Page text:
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10 October 2003 Epitaxial InSb for elevated temperature operation of large IR focal plane arrays
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The use of epitaxially grown indium antimonide (InSb) has previously been demonstrated for the production of large 2D focal plane arrays. It confers several advantages over conventional, bulk InSb photo-voltaic detectors, such as reduced cross-talk, however here we focus on the improvement in operating temperature that can be achieved because more complex structures can be grown. Diode resistance, imaging, NETD and operability results are presented for a progression of structures that reduce the diode leakage current as the temperature is raised above 80K, compared with a basic p+-n-n+ structure presented previously. These include addition of a thin region of InAlSb to reduce p-contact leakage current, and construction of the whole device from InAlSb to reduce thermal generation in the active region of the detector. An increase in temperature to 110K, whilst maintaining full 80K performance, is achieved, and imaging up to 130K is demonstrated. This gives the prospect of significant benefits for the cooling systems, including, for example, use of argon in Joule-Thomson coolers or an increase in the life and/or decrease in the cost; power consumption and cool-down time of Stirling engines by several tens of per cent.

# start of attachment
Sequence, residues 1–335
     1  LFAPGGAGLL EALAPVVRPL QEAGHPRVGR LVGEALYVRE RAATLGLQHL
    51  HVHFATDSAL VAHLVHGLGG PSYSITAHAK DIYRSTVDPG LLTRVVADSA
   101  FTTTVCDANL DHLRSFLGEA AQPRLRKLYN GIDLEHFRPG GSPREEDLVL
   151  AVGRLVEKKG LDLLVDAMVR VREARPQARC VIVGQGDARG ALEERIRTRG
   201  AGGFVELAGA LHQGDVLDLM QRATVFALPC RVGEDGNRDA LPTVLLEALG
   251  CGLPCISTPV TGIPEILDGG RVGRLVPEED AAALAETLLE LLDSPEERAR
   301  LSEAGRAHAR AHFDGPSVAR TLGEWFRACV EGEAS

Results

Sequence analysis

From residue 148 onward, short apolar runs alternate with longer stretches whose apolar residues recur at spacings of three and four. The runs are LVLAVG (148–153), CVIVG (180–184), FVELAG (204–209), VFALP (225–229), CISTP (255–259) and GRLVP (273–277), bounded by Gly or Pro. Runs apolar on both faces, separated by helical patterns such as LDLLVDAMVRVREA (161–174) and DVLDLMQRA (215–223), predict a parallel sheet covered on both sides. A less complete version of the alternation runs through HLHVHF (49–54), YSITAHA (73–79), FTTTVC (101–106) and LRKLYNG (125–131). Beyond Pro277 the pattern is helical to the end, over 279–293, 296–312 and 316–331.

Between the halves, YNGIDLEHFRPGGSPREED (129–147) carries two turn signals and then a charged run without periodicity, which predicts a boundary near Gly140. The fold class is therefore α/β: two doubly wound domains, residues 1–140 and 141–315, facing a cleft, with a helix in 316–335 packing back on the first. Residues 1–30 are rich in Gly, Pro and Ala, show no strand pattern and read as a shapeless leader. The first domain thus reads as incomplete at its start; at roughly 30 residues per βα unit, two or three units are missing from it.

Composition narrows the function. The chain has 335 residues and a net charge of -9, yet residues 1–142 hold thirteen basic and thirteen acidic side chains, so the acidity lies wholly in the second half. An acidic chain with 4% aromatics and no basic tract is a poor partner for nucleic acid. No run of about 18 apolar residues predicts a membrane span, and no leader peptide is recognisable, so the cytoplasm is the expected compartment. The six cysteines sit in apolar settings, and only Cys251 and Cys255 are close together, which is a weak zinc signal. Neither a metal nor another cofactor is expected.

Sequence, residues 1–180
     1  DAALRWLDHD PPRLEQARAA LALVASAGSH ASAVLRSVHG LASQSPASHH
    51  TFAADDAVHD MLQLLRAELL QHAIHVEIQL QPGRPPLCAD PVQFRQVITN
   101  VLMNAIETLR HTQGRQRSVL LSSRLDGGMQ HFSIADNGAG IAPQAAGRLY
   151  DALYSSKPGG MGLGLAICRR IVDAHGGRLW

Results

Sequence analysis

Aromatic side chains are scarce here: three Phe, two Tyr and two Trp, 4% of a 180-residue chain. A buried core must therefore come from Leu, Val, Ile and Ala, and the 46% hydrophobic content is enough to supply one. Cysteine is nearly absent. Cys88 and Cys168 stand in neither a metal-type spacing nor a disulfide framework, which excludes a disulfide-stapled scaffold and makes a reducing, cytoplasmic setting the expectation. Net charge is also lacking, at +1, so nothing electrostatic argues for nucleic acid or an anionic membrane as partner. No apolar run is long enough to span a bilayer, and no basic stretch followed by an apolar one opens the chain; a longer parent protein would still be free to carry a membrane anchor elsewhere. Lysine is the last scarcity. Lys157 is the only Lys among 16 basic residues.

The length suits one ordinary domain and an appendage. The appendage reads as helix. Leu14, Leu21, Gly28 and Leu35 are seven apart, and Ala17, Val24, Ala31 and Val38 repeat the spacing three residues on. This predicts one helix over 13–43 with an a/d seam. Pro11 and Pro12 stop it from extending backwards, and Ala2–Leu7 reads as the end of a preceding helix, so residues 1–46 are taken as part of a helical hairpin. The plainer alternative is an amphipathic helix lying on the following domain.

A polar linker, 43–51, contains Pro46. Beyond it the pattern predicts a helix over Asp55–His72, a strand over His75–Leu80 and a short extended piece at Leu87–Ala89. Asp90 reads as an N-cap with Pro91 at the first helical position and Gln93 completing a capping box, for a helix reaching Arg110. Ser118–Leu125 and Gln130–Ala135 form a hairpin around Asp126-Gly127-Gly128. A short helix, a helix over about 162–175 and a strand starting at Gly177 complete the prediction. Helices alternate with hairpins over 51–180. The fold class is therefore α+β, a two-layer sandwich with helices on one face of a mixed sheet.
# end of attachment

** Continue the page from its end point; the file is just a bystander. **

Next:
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Tim Ashley, Theresa M. Burke, Martin T. Emeny, Neil T. Gordon, David J. Hall, David J. Lees, J. Chris Little, and Daniel Milner "Epitaxial InSb for elevated temperature operation of large IR focal plane arrays", Proc. SPIE 5074, Infrared Technology and Applications XXIX, (10 October 2003);

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